Other than asking my doctor, which I’ll do next week, what’s the easiest way to locate a facility for the calcium screening? Do I just call several hospitals and/or cardiology labs?

    As for the other blood tests, are these things that I can just ask my doctor to add to the blood work I’ll be going in for this Friday?

    Again, thanks for all the help. It feels really good to start to take some control over these aspects of my health. My mother passed due to breast cancer when she was 38, my father had a massive heart attack when he was 48, and my sister died of bone cancer when she was 51, so I’ve already beat the lifespan of all family members. I’ve long had a suspicion that part of this was due to living in a paper mill town in Maine. I left there when I was 11, so may have escaped some of the more serious impacts of mill towns in the 60s/70s.

    Jim

    I’ll let Rocky answer this since it’s addressed to him, but he spells all that out in his book:

    http://tinyurl.com/a8c8pz2

  18. Finding a facility for a coronary calcium scan can be easy or frustratingly difficult, depending upon your location. In the Dallas/Austin area, for example, I’ve found locations that do so without a prescription for $49 to $149. Other parts of the country have similar deals (I’ve seen them in the Atlanta and Seattle areas). I speculate that cardiology practices will use a calcium scan as a loss leader, hoping to pick up new patients or scan facilities will book them during what would otherwise be scanner idle times. I’d start with a Google search for “coronary calcium scan” or “heartscan,” coupled with your geographic location. Be sure and don’t confuse this with a contrast-enhanced CT angiography, which is the same scan, only with a contrast dye injected into your arm.

    The other tests are ones that your doctor should be able to order. Whether you’ll get pushback from your doctor or whether your insurance company will pay (if you have insurance) is another matter. There are also online options (privatemdlabs.com, directlabs.com, and their ilk) where you can order tests directly, should that work better for you.

    -Rocky.

  19. Lobstah says:

    Thanks, Rocky.
    I called one cardiology facility this afternoon. When I finally got them to understand what test I was interested in, the response from the nurse was “Oh…well that’s really new. And you would need a prescription as the test costs thousands of dollars.” I explained that friend of mine in a city not too far away had had the test performed for $400, she said she’d never heard of that, and didn’t understand why I’d want the test anyway, if my doctor hadn’t requested it for diagnostic reasons. Fairly funny conversation, actually. I explained that my understanding was that most “indicators” wouldn’t really “indicate” unless I had a blockage in excess of roughly 80%, and wouldn’t you think it would be good to know that you had a 60% blockage?…or even 70%? She said no, because the DOCTOR wouldn’t take any action unless it was over 85% anyway.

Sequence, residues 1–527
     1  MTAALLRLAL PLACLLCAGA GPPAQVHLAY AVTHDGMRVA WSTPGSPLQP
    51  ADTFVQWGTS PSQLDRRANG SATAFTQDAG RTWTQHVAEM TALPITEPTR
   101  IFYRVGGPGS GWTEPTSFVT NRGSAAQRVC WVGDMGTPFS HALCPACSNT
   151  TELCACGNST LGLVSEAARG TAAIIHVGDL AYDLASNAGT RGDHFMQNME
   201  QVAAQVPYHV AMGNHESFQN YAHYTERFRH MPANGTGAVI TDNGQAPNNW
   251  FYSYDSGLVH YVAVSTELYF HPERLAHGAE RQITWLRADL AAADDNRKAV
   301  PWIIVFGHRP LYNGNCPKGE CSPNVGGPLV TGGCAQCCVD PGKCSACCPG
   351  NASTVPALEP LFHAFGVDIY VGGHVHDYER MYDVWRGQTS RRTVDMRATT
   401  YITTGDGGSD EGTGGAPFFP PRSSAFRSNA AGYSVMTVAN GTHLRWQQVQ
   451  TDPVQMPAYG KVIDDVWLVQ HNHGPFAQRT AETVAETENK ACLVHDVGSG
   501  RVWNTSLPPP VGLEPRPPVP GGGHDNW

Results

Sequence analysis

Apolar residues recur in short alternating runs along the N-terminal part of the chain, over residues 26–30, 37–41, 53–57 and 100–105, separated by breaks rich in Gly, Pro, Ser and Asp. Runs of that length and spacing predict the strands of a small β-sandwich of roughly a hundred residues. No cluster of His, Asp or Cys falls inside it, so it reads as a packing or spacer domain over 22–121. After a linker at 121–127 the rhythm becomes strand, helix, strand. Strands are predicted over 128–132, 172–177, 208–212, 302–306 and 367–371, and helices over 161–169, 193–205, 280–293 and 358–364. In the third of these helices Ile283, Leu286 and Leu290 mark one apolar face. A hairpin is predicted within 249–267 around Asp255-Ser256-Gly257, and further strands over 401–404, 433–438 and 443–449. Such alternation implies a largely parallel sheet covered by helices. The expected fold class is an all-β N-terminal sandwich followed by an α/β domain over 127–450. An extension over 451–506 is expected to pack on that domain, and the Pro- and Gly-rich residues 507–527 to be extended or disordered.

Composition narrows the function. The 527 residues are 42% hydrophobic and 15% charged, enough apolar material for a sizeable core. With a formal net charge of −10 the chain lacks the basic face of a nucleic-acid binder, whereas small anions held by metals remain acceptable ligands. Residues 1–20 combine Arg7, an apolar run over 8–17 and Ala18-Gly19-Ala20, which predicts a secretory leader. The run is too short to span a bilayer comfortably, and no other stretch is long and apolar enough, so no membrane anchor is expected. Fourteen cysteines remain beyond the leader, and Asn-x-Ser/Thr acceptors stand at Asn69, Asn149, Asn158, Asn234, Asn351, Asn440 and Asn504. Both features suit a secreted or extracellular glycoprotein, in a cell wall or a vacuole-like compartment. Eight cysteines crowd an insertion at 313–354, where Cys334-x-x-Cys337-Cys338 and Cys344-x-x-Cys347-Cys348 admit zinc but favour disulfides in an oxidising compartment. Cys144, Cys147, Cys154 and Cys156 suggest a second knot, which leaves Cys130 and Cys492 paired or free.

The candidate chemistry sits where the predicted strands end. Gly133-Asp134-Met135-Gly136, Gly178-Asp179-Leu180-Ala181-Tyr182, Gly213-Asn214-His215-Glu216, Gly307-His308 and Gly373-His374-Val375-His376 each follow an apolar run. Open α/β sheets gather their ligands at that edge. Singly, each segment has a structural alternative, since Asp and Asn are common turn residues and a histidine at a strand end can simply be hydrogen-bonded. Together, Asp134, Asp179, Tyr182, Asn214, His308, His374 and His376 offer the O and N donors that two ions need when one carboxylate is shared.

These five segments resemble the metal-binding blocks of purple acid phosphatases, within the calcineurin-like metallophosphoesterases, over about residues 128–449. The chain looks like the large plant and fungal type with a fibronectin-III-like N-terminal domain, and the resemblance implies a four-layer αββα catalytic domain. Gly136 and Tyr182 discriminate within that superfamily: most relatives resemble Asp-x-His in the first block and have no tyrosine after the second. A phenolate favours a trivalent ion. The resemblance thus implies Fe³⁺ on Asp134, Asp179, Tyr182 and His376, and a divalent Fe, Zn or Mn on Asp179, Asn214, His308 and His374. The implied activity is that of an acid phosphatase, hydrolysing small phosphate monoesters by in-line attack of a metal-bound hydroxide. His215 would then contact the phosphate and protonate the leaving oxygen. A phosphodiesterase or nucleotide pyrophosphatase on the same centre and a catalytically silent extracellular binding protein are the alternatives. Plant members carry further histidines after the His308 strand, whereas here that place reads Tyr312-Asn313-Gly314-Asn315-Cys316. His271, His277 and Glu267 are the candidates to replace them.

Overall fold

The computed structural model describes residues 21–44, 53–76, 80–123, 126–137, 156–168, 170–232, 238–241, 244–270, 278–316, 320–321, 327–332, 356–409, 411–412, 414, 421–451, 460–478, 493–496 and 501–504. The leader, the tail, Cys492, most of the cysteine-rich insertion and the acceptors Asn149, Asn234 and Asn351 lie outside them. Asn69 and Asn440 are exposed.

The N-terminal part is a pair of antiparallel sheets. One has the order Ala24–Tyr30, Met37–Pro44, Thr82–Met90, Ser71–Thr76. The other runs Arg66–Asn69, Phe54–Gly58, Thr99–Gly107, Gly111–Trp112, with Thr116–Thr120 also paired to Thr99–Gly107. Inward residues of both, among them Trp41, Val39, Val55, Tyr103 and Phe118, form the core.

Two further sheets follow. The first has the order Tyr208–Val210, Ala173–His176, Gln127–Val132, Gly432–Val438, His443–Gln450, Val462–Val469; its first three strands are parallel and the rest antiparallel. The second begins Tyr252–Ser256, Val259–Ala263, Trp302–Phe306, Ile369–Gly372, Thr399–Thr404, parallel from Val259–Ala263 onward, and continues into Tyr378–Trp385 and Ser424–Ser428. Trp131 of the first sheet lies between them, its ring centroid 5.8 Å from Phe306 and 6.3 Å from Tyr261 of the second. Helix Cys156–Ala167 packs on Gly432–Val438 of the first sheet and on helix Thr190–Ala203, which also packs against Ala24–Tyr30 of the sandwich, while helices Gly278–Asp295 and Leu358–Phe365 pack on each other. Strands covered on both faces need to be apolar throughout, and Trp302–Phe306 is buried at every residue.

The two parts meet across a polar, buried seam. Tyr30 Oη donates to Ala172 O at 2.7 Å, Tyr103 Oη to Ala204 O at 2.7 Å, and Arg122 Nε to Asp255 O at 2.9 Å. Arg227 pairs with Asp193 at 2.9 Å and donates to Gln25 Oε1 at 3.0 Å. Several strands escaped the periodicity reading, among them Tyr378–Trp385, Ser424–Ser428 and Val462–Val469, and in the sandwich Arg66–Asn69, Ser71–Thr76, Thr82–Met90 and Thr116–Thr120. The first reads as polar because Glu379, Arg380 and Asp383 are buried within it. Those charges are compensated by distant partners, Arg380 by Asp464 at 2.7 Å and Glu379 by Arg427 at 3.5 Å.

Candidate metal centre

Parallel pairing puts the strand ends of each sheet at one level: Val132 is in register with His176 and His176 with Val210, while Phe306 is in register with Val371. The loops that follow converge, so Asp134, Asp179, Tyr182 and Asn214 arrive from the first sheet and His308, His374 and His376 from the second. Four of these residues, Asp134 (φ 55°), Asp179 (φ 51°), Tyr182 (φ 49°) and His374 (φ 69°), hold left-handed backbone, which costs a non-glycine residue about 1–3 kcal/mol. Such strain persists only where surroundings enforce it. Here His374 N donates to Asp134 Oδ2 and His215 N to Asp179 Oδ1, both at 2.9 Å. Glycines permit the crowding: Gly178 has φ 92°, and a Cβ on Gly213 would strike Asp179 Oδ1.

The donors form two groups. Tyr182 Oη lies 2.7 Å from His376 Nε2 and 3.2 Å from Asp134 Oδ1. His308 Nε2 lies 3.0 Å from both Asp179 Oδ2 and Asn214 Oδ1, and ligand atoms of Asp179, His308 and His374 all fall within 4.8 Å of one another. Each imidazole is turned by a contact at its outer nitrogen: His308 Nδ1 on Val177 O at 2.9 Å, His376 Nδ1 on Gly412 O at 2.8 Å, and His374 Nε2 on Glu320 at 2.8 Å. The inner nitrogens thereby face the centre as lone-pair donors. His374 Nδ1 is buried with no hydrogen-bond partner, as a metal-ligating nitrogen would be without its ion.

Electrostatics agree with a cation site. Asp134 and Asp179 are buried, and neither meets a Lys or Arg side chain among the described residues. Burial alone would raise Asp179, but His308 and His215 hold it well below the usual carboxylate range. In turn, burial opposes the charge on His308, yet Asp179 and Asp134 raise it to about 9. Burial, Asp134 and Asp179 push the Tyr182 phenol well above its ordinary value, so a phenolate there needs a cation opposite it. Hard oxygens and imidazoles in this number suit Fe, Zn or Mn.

I thanked her for her time and her information ;) Tomorrow, I’ll take up the search again.

    Jim

    The doctor doesn’t take action until you have 15% of your capacity left?!!

    Head. Bang. On. Desk.

  20. Lobstah says:

    Tom,
    I know. She was completely mystified that someone would pay for any test out of their own pocket that a doctor hadn’t requested. Completely foreign concept. One of the many many things wrong with out healthcare system. It’s as if you weren’t supposed to check your own oil in the engine in your car, and the “authorities” only “authorize” adding oil when the oil level is down 80%…which by then, of course, your motor is basically destroyed.
    She had clearly never heard of such a thing.

    It is amazing.

    Jim

  21. Lobstah says:

    Btw…my deepest apologies for hijacking the thread…wasn’t my intent…feel free to purge, and I’ll try to keep myself in check.

    Jim

    No worries. The comments section is meant to be a useful forum as well.

  22. None of this surprises me.

    When researching calcium scanning options for a friend in Seattle, I found a facility whose web site said that they will not perform coronary calcium scanning on “anyone with existing coronary artery disease.”

    In other words, we have this great tool for precisely quantifying coronary artery plaque but we won’t use it on anyone who we know to have coronary artery plaque.

    This is no different than the diagnosis of Type 2 diabetes: If your fasting glucose is 110 mg/dL and your postprandial glucose is 200 or more, you’re “at risk” or “pre-diabetic.”

    Coming up next: “If you have a fetus in you, you may be pregnant.”